Further, looking at the underling stats for Elias’ 0.00 ERA spring, they do not inspire much confidence. He has recorded six strikeouts to six walks. That is not a way to be consistently successful in the major leagues. The caveat, again, being that it is spring training and a ridiculously small sample size.
Though I have been poking flaws in the electricity that he has generated this spring, there are things to like about Roenis Elias, the reliever.
According to Brooks Baseball, he has a nice four-pitch mix, with a four-seam fastball, a sinker, changeup and curveball. His best pitches, in terms of whiffs and Pitch Info Pitch Values, have been the latter two. Now, we do not have very meaningful statistics to look at with those pitches. He has accumulated 8 MLB innings over the past two seasons, so we are not operating with much data.
What we do have, however, is a decent career sample of how those pitches have performed in the big leagues over his career. It is not foolproof by any means because pitchers change. With that said, it is a quality indicator of the strength of his respective pitches.
|Pitch||# of Pitches||Whiffs||AVG||SLG|
Going back to 2014 when he made his debut, as mentioned, Elias has been most successful with his change-up and breaking ball. He has generated high number of whiffs and limited damage with those pitches. The same cannot be said of his fastball and sinker.
Granted, his fastball was always destined to probably be hit harder than his other pitches because he throws it more frequently. Consequently, hitters expect it more often and are able to adjust their approach at the plate to be conducive to it. Plus, it is not as deceptive as his other pitches and lacks the velocity to be extremely effective.
In his very limited season with Boston in ’17, his fastball averaged at 92.2 mph. The year before, in another small sample, was 93.1 mph. Before that, with the Mariners in ’14 and ’15 he averaged 92.9 mph and 92.3 mph respectively. An average Elias fastball is not slow by any means, but it is below-average (MLB pitchers averaged 93.6 mph on their fastball in ’17).
The conventional wisdom is that starters who convert to relievers typically gain velocity on their pitches. They do not pitch as many innings as a starter, so their stuff tends to play up. This could conceivably happen to Elias, which perhaps will go a long way to increasing the effectiveness of his fastball, his most frequented offering.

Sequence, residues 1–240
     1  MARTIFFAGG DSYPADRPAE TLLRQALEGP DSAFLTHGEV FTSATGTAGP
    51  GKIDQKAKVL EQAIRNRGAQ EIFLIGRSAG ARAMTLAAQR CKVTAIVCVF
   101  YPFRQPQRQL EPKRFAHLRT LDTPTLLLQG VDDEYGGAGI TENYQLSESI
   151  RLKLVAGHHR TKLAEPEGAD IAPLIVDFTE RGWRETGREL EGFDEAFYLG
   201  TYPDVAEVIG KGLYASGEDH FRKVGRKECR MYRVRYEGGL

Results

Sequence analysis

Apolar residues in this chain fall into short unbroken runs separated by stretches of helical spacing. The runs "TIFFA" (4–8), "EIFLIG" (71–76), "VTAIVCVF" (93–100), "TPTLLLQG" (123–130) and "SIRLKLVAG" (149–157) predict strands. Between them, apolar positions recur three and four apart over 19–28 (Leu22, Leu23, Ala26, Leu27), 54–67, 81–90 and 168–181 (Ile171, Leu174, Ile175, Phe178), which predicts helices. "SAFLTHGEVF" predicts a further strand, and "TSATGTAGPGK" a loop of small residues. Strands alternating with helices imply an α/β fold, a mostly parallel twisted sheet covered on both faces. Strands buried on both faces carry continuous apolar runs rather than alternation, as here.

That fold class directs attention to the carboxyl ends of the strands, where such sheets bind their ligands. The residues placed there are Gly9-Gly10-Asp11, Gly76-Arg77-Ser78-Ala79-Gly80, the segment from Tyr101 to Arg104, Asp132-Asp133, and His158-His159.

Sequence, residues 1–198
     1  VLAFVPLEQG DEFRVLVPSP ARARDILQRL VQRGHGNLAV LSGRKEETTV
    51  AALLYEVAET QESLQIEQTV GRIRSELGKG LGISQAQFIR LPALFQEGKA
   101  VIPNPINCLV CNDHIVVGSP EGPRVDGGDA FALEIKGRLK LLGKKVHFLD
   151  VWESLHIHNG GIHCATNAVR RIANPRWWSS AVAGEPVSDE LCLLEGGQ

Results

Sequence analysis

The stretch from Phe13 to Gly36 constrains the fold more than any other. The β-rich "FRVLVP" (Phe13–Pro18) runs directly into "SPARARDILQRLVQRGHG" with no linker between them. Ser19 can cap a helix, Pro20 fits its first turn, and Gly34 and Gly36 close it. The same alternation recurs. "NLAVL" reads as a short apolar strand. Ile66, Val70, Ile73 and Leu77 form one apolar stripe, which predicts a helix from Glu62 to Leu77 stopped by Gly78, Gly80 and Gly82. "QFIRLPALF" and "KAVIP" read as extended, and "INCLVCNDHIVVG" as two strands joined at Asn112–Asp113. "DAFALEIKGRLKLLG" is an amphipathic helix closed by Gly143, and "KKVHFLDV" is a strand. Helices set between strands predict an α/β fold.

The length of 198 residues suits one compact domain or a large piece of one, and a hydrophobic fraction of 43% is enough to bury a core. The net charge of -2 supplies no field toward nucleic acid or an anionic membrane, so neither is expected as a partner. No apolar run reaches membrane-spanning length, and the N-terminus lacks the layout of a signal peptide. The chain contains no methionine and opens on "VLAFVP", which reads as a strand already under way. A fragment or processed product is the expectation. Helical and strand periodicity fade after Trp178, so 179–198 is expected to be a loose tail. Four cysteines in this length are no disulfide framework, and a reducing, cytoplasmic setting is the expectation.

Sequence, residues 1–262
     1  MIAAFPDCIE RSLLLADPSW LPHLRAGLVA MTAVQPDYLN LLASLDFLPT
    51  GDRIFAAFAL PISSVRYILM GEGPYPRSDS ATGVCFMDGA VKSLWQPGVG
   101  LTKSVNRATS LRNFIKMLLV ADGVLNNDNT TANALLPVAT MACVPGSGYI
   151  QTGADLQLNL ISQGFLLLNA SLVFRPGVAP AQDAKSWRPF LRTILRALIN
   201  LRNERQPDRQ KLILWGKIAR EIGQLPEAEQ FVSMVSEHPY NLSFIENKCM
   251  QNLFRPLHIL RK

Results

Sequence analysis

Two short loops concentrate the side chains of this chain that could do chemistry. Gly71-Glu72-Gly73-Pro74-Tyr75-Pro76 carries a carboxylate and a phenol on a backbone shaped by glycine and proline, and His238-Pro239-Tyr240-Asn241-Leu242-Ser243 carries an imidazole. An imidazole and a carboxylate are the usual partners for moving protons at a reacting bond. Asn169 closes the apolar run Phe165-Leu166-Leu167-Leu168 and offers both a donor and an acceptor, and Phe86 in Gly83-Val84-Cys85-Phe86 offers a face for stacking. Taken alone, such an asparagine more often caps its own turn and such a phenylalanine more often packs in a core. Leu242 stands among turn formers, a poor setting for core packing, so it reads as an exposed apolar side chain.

His secondary offerings are already pretty good weapons. With a better fastball, Elias could become something special out of the bullpen.
Not only he be able to maximize his pitches’ potential but he could be used against batters he has more success with. The lefty has been much more serviceable throwing to his same sided counterparts than right-handed batters. Need proof? Enjoy this table.
These are Elias’ career numbers against left and right-handed batters. It should be obvious he has compiled better results against lefties, particularly in the strikeout department. As a reliever, Cora may deploy him predominantly against lefties to get the most of out of his skillset. As we said in the beginning, Boston “needs” a left-handed reliever.
In his career, he possesses quality peripherals. His strikeout numbers are pretty good, while his command of the plate is not too bad.
Overall, Elias seems to be the the epitome of a replacement-level player, especially as a starter. As a reliever, he could be something different altogether. He would probably be more effective, especially relative to himself, in that role. There is a lot of uncertainty and in a utopia where everyone is healthy, we may not even be talking about Roenis Elias, the reliever. However, we do not and here we are.
Elias’ case to make the Opening Day club should not be argued based on his spring training performance, rather, it should be based on his skillset and the body of work he has accumulated in his career. Regardless, this seems like an intelligent switch on Cora’s part, designed to get the most out of his players and team, even if it is not the traditional roles they are accustomed to.